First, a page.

Natural Resources Wales (NRW) has warned of the threat of invasive Pacific pink salmon and urged anglers to report catches or sightings of invasive pink salmon, which are expected to appear in UK waters this year.
In 2019 and 2021, there were numerous sightings of invasive pink salmon in UK waters and – with pink salmon having a fixed, two-year life cycle and generally spawning in the summer – it is highly likely they will appear again in rivers this year.
The arrival of pink salmon raises potential concerns to other native species, including wild Atlantic salmon. Atlantic salmon are threatened with numbers of the species falling dramatically due to various pressures. The invasive pink salmon is seen as an additional threat to their survival.
Pink salmon (Onchorhyncus gorbuscha) originate from the northern Pacific Ocean and can be identified by large black oval spots on its tail, a very dark mouth and tongue and they have much smaller scales than the Atlantic salmon.
Dave Mee, NRW’s Lead Specialist Advisor for Freshwater Fisheries, said
“Although in Wales we have had only one pink salmon reported in 2019, their continued spread across northern Europe to the UK could be a serious risk to our already threatened Atlantic salmon populations.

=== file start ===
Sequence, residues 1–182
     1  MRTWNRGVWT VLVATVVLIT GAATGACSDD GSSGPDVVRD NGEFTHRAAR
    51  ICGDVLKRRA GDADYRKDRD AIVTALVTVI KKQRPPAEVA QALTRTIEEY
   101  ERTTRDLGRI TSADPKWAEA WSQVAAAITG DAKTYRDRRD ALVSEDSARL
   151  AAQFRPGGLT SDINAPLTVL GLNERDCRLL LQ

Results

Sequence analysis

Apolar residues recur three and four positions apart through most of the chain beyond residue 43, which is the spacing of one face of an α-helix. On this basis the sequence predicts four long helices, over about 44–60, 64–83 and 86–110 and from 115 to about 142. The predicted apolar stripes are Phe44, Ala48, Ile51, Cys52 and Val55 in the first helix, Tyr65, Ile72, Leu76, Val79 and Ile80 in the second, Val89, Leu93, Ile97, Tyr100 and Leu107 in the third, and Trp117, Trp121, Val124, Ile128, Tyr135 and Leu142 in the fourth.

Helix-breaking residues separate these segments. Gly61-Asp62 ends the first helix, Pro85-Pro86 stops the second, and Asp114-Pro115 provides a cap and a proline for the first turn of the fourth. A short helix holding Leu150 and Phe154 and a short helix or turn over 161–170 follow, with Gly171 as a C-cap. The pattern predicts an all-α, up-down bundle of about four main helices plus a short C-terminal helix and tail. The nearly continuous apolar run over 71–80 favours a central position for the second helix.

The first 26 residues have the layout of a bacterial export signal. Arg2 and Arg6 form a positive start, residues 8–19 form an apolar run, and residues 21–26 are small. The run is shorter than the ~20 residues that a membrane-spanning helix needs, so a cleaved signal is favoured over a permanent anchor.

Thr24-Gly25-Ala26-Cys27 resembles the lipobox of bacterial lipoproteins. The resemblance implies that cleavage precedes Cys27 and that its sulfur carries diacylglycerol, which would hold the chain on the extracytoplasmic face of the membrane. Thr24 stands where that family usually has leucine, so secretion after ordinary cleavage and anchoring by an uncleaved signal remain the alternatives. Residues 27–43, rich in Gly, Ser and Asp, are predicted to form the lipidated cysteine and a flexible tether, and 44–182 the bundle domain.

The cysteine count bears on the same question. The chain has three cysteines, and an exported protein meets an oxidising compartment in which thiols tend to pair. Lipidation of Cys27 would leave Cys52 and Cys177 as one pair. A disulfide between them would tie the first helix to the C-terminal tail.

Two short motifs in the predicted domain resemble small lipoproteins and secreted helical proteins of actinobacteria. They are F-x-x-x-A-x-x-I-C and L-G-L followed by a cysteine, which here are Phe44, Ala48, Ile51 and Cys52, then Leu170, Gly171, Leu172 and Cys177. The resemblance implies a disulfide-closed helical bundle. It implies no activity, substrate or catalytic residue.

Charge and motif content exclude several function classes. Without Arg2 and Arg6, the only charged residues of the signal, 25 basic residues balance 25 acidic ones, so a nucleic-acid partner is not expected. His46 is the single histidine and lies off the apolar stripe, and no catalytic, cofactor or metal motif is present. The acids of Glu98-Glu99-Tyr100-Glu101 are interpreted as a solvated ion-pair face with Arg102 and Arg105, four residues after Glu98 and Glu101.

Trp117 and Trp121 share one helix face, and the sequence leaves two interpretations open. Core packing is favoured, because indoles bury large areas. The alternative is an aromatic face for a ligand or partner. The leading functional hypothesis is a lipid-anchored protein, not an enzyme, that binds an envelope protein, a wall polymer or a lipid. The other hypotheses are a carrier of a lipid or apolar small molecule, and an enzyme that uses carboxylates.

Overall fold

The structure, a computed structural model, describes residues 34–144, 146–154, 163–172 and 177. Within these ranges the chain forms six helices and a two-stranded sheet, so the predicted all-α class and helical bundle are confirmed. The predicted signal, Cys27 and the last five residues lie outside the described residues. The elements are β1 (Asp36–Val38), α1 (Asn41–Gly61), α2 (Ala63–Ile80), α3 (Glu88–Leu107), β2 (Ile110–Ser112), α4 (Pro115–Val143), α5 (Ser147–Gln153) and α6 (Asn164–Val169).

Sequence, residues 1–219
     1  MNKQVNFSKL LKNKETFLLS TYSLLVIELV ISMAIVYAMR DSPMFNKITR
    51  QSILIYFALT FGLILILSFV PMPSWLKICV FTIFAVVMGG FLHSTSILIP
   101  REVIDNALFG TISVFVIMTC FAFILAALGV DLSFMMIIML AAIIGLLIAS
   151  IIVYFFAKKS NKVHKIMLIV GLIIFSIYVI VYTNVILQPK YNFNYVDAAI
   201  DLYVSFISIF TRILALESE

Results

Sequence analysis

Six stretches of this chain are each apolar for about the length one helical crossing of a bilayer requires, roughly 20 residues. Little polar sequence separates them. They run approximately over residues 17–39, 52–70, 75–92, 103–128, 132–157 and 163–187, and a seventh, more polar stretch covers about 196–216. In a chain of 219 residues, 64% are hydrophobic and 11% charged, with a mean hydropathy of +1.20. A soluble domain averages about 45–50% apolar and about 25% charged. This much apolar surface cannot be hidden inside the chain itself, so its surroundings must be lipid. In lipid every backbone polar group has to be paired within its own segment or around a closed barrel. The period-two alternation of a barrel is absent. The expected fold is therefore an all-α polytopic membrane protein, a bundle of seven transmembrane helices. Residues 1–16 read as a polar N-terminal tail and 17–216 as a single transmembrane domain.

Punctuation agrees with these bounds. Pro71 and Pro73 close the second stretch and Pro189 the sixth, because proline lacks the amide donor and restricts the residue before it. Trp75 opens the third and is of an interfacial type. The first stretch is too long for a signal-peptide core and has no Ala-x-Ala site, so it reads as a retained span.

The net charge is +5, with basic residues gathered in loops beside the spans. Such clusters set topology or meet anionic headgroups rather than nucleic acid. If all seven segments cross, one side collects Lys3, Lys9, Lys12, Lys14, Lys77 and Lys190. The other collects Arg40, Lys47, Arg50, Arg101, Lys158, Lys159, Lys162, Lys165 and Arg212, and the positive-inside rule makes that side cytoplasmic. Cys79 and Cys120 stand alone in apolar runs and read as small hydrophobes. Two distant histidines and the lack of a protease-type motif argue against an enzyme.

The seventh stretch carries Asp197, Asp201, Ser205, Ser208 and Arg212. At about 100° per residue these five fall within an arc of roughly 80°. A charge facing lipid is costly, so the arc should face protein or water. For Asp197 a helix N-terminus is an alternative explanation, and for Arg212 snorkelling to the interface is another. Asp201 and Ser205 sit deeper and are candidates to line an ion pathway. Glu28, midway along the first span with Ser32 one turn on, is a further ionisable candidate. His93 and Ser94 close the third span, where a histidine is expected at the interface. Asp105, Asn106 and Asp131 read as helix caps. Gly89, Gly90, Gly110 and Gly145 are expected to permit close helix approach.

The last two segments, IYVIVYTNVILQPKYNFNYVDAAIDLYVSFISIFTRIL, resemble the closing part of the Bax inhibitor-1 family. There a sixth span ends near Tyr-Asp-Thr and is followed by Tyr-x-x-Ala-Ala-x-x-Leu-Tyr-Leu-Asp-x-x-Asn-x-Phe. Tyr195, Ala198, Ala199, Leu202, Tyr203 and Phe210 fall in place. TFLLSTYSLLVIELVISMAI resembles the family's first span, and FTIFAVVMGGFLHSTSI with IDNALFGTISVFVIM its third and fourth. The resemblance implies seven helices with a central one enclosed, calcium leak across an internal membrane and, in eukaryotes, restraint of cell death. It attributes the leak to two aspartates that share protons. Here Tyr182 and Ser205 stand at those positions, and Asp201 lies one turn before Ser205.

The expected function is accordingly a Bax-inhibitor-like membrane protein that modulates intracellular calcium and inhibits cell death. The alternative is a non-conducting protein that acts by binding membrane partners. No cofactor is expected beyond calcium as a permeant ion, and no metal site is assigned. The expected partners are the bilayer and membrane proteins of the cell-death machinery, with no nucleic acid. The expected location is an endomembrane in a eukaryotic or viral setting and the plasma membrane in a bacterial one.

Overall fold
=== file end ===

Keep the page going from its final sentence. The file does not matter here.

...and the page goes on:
“NRW teams are working hard to contain and control invasive non-native species so that native fish, ecosystems and other wildlife are reduced from the damage they pose.
“That is why it is crucial that the public understand this immediate risk and report the capture or sightings of all pink salmon to us, whether that be through our new reporting tool or to NRW’s incident hotline.”
New reporting tool
Fisheries managers, anglers, net fishers and members of the public are requested to report any sightings or catches to NRW’s incident number – 03000 65 3000 – via NRW’s online form, or use the new reporting tool which has been developed in collaboration with Fisheries Management Scotland and the Environment Agency.
This new reporting tool can be used to report any sightings or captures of pink salmon, quickly and easily. Information will then be passed to the appropriate authority for any response which may be required. The data collected will help the Environment Agency and fisheries researchers better understand how to manage the arrival of pink salmon.
A guidance factsheet is available for individuals who do come across this species.